Tuesday, September 25, 2012

Due to be stacked in the bathroom soon :)

In my local wanderings over the years I’ve tended to focus on roads and bridges that used to be part of the public space and no longer are... no longer are part of the public space, or no longer are, period. I’ve long been fascinated with the long-lost pony truss one-laner that used to carry Lawrence Avenue traffic across the East Don. That it persisted for around a decade after the Don Mills development sprawled half a mile west of it fascinates me and I wish I knew what that was like for the people who moved in there. In any event, it was superseded by the current six-lane span at the time the Don Valley Parkway pushed north to devour the right-of-way of Woodbine Avenue, and the little bridge itself must have been removed at that time. Why the city didn’t simply leave it I can’t say; perhaps because it had a wooden deck it was assumed it would quickly become a hazard to incidental hikers.

Anyway, it’s brought me to picking up a few books on Amazon. Charles Sauriol was a longtime explorer and lover of the Don valley who wrote a number of books about its uses and history, both personal and anecdotal. He passed away relatively recently, as I recall; last ten years or so. A big chunk of the Don parklands is now named in his honour. I found a couple of his books available inexpensively on Amazon; these are Tales of the Don and Remembering the Don. Charles Sauriol himself, it seems to me, tended to be focused on the Don valley from pretty much south of what’s now Eglinton Avenue (which didn’t span either the East or West Don until the 1950s), but I find myself interested in seeing what he relates. It’s long overdue; I’ve been meaning to read these books since the man was still alive.

At the same time I also came across a new offering by John Sewell called The Shape of the Suburbs: Understanding Toronto’s Sprawl, published in 2009. John Sewell was a one-term mayor of Toronto in the 1970s; formed in the mold of longtime Toronto resident Jane Jacobs. As such, his attitudes are, to me, somewhat parochial and outdated. For example, I recall him suggesting, when Toronto was being amalgamated into the so-called “megacity” at the end of the 90s, that not only should we be keeping the six cities that formerly comprised Metro, but that we ought to be breaking them up into smaller units, in fact, which struck me as bordering on insane. Nevertheless I bought another of his books in the mid-90s, The Shape of the City, and enjoyed it immensely for its subject matter and the breadth and depth of the research. Given that he largely avoided interjecting with his own views, but pretty much just laid out the story, I didn’t find it as egregious as otherwise might have. That said, my own views on such matters have mellowed over the years into something more of a grey area.

This new book is reputedly about the expansion of Toronto into the near suburbs (those that were in Metro and now form the outer parts of Toronto proper, like the part where I live), and those newer suburbs beyond, in the regional municipalities that form the nominal Greater Toronto Area... the decision-making processes that created them, the infrastructure challenges they represented, the highway systems they necessitated, and so on. Since I live here, there are matters of considerable interest to me and I’m looking forward to reading this companion to The Shape of the City, as well as my copy of The Death and Life of Great American Cities by Jane Jacobs, written during her tenure as David to Robert Moses’s Goliath in New York before she moved here at the end of the 60s.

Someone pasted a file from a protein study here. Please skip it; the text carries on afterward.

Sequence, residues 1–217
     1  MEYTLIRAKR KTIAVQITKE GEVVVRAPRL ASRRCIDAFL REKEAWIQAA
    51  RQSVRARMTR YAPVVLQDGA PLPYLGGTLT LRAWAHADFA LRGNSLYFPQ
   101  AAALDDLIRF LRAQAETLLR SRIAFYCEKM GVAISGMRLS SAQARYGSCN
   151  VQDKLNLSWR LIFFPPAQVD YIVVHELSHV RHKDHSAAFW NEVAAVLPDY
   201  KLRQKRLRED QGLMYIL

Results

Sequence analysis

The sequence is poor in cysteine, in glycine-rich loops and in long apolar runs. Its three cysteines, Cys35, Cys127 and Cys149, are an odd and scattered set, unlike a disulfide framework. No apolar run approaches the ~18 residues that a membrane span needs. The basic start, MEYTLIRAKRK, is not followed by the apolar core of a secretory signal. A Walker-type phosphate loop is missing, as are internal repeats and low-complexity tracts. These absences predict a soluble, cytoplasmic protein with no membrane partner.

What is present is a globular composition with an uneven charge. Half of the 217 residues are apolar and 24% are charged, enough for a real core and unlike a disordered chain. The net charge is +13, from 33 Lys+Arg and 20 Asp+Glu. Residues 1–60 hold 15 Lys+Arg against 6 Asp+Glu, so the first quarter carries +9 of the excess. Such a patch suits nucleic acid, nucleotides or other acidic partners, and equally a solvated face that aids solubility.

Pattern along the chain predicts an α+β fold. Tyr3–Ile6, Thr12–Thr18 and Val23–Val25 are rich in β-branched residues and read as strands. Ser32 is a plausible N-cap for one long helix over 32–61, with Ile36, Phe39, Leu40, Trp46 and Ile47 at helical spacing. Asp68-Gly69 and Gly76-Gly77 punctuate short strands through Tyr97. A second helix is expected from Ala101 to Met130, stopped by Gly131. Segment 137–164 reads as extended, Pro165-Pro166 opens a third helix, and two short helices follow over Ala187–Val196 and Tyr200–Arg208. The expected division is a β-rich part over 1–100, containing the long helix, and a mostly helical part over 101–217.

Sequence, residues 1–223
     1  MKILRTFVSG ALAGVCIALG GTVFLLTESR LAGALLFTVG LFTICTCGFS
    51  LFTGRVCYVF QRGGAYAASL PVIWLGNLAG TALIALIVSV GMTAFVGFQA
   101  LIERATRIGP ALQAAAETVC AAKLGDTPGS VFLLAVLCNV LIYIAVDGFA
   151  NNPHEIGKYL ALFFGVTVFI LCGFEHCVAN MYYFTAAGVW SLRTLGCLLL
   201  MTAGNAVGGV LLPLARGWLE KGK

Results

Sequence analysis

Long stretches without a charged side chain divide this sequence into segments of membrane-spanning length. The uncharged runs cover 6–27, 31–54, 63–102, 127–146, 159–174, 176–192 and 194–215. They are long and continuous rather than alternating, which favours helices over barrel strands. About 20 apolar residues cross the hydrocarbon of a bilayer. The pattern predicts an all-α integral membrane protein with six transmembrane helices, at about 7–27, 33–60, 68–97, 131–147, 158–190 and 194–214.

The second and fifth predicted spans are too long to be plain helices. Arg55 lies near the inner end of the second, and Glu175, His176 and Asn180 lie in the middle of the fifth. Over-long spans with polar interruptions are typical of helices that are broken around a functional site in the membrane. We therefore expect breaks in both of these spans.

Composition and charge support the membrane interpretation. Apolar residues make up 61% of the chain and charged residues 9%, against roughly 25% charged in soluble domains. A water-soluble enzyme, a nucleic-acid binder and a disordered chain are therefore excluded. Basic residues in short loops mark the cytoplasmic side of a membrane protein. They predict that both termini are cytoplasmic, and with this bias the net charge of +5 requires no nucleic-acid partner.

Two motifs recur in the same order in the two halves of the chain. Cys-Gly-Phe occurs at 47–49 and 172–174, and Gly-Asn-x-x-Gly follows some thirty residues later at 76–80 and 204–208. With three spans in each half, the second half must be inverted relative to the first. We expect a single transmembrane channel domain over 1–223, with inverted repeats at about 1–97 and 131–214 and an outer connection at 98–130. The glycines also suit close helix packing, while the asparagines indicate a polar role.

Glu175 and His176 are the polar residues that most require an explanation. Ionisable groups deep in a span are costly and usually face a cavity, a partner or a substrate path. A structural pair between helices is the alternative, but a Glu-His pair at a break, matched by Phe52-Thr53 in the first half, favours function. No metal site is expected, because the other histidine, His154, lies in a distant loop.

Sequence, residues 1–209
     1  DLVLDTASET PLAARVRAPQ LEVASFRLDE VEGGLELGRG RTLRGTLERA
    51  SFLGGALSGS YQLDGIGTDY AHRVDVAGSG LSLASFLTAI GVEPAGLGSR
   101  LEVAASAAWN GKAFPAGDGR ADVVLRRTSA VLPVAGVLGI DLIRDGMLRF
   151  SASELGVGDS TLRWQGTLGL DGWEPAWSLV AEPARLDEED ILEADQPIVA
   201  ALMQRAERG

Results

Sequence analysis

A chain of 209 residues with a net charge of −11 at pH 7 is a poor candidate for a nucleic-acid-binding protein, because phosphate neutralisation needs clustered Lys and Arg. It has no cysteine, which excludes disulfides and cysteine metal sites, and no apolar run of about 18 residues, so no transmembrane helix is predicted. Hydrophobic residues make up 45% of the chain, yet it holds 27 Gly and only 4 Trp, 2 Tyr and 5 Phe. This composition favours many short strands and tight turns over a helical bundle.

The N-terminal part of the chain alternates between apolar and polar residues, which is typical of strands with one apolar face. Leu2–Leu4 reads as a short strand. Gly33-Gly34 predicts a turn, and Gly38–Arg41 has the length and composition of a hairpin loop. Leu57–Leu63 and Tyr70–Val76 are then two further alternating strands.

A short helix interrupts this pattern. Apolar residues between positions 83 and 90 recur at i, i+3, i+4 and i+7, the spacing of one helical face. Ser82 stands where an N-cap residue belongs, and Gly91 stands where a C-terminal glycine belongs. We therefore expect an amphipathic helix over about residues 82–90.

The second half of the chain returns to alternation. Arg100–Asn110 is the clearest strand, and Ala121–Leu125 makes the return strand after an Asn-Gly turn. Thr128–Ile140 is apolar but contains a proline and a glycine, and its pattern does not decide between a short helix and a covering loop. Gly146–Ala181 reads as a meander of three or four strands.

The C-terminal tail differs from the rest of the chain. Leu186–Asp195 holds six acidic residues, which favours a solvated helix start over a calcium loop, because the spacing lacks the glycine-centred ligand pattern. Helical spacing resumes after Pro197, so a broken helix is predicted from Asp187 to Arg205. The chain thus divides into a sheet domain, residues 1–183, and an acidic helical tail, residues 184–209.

Bridgewater said...

The Sewell book looks very interesting indeed. I've never been closer to Toronto than Niagara-on-the-Lake, but from your description, the issues Sewell discusses could apply to any sprawling city. My first exposure to city planning was in grade school, where we read about L'Enfant's design for Washington. We grew up fifteen miles from the nearest city, but my brother and I played "City" under the ancient lilac bushes by our house, drawing streets in the dry dirt with a stick and bringing toy cars, trucks, blocks for buildings, leafy twigs for trees, dime-store human figures made of metal, and so forth, not all of it in proportion. And outside of "town" there was a farm under the syringa bush, complete with tractors, hard-rubber farm animals, and "hay" in the barn (dry grass clippings). Kernels shucked from a cob of feed corn was the harvest in the wagons behind the tractors, until the "city" experienced an invasion by Rodents from Outer Space and Mom nixed the corn thing. Then, decades later, there was Sim City--a lot of fun, but 'way too addictive for my own good. Now I've got a son-in-law who is--guess what--a city planner.

barefoot hiker said...

So far, about a quarter of the way into the book, I'm finding it frustrating because all the things Sewell praises in one generation he excoriates in the next. He seems somehow to miss that these things are fractal. It's like he decided the way things were when he was 30 was perfect and any change since then has been objectionable. One of us is missing something, but I'm inclined to think it's him. Not surprisingly. :)